Anyway, I seriously think the liberal side of the bench for 2020 and 2024 is Villaraigosa and de Blasio, assuming the latter either successfully primaries Cuomo in 2018 or doesn’t try and manages to avoid losing credit fights with Cuomo until he steps down in 2021 and becomes a full-time presidential candidate. Cuomo could stay as governor through 2024 and then run, too, and will probably be the establishment favorite, and this means there will continue to be a lot of Cuomo-de Blasio friction. (Mind you: this is equivalent to saying in 1999 that Hillary Clinton will be a strong Democratic presidential primary contender in 2004 or 2008, depending on whether Gore wins; in 1999 nobody knew who Obama or even Edwards was, but Clinton, the establishment option, was of course well-known.)

    Mattie F. Reply:

    On the contrary – Hillary’s not particularly liberal. She’s a foreign policy hawk, and deep establishment to boot.

    While I agree that’s true, I don’t think it’s believed.

    Alon Levy Reply:

    Which part? Everyone knows she’s establishment. Foreign policy – well, the Unskewed Polls types thing she COMMITED TERASON IN BEGHANZI WAEK UP SHEEPLE, but swayable people don’t care, and rated her highly as secretary of state.

    I guess there’s Hillarycare? But that was 22 years ago, and she wasn’t directly involved in Obamacare.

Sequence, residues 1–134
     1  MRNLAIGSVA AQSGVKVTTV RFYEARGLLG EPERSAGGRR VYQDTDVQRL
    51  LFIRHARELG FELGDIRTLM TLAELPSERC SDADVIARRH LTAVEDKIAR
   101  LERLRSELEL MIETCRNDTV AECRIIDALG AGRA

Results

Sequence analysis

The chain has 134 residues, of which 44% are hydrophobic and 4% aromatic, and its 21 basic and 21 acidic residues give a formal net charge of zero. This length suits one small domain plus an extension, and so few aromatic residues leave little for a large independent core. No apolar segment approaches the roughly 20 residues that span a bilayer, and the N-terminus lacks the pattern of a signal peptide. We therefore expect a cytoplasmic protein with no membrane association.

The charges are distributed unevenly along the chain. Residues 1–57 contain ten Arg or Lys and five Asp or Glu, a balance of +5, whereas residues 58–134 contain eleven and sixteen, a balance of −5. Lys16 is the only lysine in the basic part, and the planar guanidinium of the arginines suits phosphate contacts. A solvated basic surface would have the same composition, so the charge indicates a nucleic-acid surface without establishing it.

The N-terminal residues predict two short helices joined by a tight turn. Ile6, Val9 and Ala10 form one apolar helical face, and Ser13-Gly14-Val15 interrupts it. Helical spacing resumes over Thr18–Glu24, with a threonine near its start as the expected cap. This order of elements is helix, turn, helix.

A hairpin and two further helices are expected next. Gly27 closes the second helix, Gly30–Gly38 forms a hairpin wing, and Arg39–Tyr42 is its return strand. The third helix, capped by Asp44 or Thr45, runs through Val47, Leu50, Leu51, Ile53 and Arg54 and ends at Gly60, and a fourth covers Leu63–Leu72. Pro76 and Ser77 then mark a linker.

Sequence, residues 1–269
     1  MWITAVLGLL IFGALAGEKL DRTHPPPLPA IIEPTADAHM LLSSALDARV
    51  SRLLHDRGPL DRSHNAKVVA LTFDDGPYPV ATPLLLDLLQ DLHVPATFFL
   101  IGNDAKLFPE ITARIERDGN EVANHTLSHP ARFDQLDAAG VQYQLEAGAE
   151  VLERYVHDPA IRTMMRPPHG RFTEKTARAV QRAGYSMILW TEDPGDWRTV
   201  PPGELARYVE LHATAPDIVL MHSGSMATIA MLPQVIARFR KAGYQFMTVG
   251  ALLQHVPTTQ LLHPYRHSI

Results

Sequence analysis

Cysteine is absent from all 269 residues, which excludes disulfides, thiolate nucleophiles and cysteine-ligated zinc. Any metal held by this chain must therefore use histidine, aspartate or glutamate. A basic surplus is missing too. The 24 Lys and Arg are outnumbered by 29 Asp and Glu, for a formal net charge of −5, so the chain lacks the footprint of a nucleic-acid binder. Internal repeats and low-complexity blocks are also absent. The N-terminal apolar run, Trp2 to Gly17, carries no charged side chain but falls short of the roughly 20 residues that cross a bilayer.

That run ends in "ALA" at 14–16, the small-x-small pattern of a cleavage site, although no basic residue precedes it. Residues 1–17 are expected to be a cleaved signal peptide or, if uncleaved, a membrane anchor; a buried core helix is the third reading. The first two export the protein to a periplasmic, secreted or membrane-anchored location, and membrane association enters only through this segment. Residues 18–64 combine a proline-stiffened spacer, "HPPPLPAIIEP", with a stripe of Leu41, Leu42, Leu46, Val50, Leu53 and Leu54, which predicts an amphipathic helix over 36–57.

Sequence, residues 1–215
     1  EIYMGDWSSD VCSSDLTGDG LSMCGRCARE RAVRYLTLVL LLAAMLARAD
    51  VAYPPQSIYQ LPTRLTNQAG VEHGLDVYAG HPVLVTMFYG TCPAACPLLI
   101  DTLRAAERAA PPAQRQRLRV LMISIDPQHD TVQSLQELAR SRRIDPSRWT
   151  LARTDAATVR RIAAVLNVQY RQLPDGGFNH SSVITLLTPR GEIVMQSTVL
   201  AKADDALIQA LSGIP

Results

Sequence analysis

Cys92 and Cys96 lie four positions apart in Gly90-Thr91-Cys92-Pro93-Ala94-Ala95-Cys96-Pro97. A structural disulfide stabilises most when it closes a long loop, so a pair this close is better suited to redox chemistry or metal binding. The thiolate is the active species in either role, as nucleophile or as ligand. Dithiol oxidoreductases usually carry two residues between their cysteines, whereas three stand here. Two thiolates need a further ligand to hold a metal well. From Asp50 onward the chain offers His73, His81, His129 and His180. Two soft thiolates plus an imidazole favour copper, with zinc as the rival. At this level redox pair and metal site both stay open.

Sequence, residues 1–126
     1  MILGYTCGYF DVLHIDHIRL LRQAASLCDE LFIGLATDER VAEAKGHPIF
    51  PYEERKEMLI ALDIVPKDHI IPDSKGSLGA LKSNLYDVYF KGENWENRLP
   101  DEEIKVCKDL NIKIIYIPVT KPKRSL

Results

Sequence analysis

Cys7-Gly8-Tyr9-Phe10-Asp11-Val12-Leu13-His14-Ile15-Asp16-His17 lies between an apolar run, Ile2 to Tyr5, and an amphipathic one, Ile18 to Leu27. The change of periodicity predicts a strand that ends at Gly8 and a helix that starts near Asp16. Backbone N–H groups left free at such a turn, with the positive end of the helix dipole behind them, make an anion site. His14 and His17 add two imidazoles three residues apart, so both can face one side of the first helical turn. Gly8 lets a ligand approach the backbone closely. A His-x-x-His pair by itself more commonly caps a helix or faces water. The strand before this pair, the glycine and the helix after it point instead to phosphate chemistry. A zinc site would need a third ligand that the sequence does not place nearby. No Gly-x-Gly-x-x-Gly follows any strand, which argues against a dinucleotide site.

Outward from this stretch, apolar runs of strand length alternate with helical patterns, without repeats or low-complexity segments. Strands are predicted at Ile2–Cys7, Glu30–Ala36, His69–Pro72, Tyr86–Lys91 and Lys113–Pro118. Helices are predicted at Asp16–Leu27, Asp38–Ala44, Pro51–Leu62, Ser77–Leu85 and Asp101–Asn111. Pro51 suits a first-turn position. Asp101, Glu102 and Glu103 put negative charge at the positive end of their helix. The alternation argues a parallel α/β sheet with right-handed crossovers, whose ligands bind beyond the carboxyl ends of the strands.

TomA Reply:

    I disagree. The VP choice does little to change peoples minds (unless they are a disaster like Palin). A moderate VP wouldnt make people vote for Hillary if they thought she was too liberal.

    Even the geographic thing is probably overdone. I mean presidents themselves can be counted on to carry their home states (see Romney in MA, MI, CA, or NH and Al Gore in TN), let alone VP candidates.

    On the other hand a Hispanic VP might improve turnout among Democratic leaning Hispanics. I think a California Hispanic would help just as much as a Florida one in turning out liberal Florida HIspanics.

    Alon Levy Reply:

    The geographic thing is obviously not useful in states that are definitely on one side or the other. But it’s useful in swing states. In head-to-head polls, Hillary and Jeb are tied in Florida, whereas Hillary wipes all the other Republicans there – but nationally, the differences are small. It doesn’t matter even in Wisconsin – with a presidential-year electorate, Hillary > Walker there – but could have an effect in a place like Florida.

    Ultimately, the Democrats don’t have any Floridian to run, though. And Hillary herself is relatively popular with the set that swung to Obama because of Biden – old Jews liked Clinton back in the day, and will like Hillary’s greater willingness to commit war crimes defend the nation from terrorists.

    TomA Reply:

    True. Florida is usually close enough that its possible that a local VP candidate could sway, but even then, I think a Hispanic candidate (the first on a major party ticket) from any state would do more to drive turnout.

    Eric Reply:

    As a navy veteran, I would have has a much tougher choice when McCain was running had he chosen someone other than Palin. I’m not sure where I would have landed in the vote. Palin was nowhere near being Vice Presidential material though, and that made the choice easy.

    Observer Reply:

    How about Antonio Villaraigosa vs Ashley Swearengin in 2018; that would be a contest.

    JJJJ Reply:

    Shes the best bet for the California GOP, by far.

    Nathanael Reply: